Nov 10, 2014 8:15 PM
APNewsBreak: UAW says recognition close at VW
The Associated Press
NASHVILLE, Tenn. (AP) An upcoming policy change by Volkswagen would clear the way for the United Auto Workers to become the first union to bargain on behalf of employees at a foreign automaker in the South, the UAW said Monday.
Volkswagen and the union reached an agreement last spring, according to a letter to members of Local 42 in Chattanooga obtained by The Associated Press. The UAW said that it would cooperate with efforts to win production of a new SUV in Chattanooga, and that it would drop its National Labor Relations Board challenge of a February union vote.
In return, Volkswagen committed to recognizing the UAW, which would give it the authority to bargain on behalf of both members and non-members, according to the letter signed by Mike Cantrell and Steve Cochran, the president and vice president of Local 42. Tennessee's right-to-work laws mean that no worker can be forced to join a union, though the UAW says more than half of eligible workers have signed up.
The UAW in February lost a contentious union election at the Volkswagen plant by a 712-626 vote amid warnings from Republican politicians including U.S. Sen. Bob Corker and Gov. Bill Haslam that $300 million in incentives for expansion could be imperiled if the union won.
Workers who oppose the UAW have formed a chapter of what they call the American Council of Employees, or ACE, in hopes of preventing the union from being recognized by Volkswagen.
Worker Mike Burton, the secretary of the rival group, said UAW has exaggerated its membership in Chattanooga, and that he expects Volkswagen to recognize multiple groups if they can sign up enough hourly workers.
"There may be a temporary time where they are recognized as members-only union with 15 percent or more of the hourly employees," Burton said. "That could happen with us as well.
"But whoever gets to 51 percent first, it's game over for one of us," he said. "And that will be game over for the UAW."
Corker drew the ire of the UAW for repeatedly suggesting before the February union vote that he had inside information that the rejection of the union would result in the company deciding to expand the plant within two weeks.
It was later revealed that the state's $300 million incentive package offered to Volkswagen had contained the caveat that the money was subject to labor talks "being concluded to the satisfaction" of the state. Haslam declined to specify which scenarios would have met the state's satisfaction.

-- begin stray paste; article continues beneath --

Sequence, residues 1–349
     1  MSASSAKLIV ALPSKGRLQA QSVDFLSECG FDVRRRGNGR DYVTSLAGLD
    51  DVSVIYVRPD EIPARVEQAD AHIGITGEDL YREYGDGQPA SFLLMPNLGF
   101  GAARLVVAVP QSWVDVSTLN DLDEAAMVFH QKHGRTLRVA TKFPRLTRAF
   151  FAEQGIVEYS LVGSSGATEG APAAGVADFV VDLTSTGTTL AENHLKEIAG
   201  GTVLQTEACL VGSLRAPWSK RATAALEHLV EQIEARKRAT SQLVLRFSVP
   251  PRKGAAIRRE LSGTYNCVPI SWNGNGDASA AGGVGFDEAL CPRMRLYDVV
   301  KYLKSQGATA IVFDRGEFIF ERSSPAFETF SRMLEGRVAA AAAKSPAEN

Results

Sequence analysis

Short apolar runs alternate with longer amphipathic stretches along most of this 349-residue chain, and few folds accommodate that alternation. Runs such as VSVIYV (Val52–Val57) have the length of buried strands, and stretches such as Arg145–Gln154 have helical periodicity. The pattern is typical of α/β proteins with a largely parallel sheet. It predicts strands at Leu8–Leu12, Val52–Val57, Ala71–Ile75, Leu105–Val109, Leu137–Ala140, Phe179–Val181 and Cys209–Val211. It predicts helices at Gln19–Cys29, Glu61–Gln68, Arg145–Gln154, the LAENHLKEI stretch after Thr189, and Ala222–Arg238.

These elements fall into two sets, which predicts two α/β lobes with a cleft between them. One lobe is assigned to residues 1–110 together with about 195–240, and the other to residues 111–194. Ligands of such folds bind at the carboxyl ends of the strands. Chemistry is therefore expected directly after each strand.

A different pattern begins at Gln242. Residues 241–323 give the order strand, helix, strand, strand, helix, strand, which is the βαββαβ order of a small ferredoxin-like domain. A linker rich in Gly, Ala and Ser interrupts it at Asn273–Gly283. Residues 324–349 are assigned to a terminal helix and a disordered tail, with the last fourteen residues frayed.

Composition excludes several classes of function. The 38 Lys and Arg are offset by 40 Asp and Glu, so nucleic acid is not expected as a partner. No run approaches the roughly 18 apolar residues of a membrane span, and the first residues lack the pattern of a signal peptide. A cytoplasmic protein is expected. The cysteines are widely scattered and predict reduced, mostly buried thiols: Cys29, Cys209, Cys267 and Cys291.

Volkswagen ultimately announced in July that it will invest $600 million to expand the factory to build a new seven-seater SUV as it seeks to reverse flagging U.S. sales.
The company did not respond to requests for comment. Spokespeople for Haslam and Corker also declined comment.
The automaker wants to create a German-style works council at the Chattanooga plant to represent both salaried and blue-collar workers. But the company's interpretation of U.S. law indicates that it must work with an independent union to operate a works council.
The UAW's case at the Tennessee plant has been bolstered by support from labor representatives who control half the seats on the Wolfsburg, Germany-based automaker's supervisory board.
The UAW, its German counterpart IG Metall and the Volkswagen Global Group Works Council in September signed an agreement outlining their joint efforts to gain labor representation at the Chattanooga plant, including the goal of the UAW gaining "exclusive majority status and recognition of this by Volkswagen."
The strong links between the UAW and the powerful labor interests at Volkswagen could make it difficult for rival employee groups they call management-friendly "yellow unions" to gain favor with the company.
Organizing foreign-owned auto plants has been seen as key for the UAW to revive its fortunes. Union membership stood at about 391,000 at the start of this year a far cry from its 1979 peak of 1.5 million.
And even though the Detroit Three have hired thousands in the past four years as auto sales have recovered, the new hires are paid only two-thirds of what veteran workers get, keeping dues revenue down. The union agreed to the lower wages and became more cooperative seven years ago to help the companies survive the recession.